Snapshot of the Terrestrial Planets

Mercury, Venus, Mars, and Earth are called the terrestrial planets because they all possess certain Earth-like (terrestrial) properties. These include proximity to the sun (within 1.5 A.U), relatively closely spaced orbits, relatively small masses, relatively small radii, and high density (rocky and solid-surfaced). Compared to the larger, more distant jovian planets, the terrestrials rotate more slowly, possess weak magnetic fields, lack rings, and have few moons or none. In fact, within the terrestrial "club" the earth's large moon is unique. The moon is only slightly smaller than the planet Mercury and larger than Jupiter's moon Europa! As we have seen, the moon's large size is one clue to its origin. We'll take a closer look at the terrestrial planets in Chapter 13, "So Close and Yet So Far: The Inner Planets."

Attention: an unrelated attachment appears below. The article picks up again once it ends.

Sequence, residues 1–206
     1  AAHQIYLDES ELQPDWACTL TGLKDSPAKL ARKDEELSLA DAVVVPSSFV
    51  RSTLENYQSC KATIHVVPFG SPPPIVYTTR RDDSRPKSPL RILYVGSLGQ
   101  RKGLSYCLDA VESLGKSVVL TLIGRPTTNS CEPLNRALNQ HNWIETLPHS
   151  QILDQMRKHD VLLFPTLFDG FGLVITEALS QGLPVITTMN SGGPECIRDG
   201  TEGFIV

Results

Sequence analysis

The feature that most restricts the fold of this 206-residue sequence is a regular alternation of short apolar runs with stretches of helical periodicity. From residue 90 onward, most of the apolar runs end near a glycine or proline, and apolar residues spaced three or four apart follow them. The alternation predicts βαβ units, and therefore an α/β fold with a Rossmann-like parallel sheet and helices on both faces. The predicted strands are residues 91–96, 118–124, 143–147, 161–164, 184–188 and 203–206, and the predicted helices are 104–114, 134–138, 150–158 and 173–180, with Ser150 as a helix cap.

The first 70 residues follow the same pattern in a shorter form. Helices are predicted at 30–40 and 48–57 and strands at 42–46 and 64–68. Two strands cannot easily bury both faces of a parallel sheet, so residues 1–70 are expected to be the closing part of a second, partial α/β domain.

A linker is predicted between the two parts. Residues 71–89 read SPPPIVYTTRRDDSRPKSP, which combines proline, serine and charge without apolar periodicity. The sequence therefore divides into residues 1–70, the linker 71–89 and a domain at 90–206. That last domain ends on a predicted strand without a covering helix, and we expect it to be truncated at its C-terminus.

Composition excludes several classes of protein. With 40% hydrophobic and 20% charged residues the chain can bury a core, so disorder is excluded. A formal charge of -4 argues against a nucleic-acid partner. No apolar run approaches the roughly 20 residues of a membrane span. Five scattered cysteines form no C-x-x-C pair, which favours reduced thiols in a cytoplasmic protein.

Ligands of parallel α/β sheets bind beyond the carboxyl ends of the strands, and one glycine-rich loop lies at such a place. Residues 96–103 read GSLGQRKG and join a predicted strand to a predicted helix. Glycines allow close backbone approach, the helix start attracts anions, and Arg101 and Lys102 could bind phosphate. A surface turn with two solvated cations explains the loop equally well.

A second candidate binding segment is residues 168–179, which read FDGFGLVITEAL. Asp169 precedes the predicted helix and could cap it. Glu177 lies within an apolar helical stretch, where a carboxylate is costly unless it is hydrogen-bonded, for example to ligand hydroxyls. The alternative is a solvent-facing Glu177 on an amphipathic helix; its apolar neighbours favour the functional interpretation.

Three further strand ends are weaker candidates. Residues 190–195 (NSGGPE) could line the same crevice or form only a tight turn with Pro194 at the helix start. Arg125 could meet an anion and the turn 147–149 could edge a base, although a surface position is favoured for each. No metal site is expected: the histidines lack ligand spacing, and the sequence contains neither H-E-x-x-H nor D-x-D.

Telescopes Mastery

Telescopes Mastery

Through this ebook, you are going to learn what you will need to know all about the telescopes that can provide a fun and rewarding hobby for you and your family!

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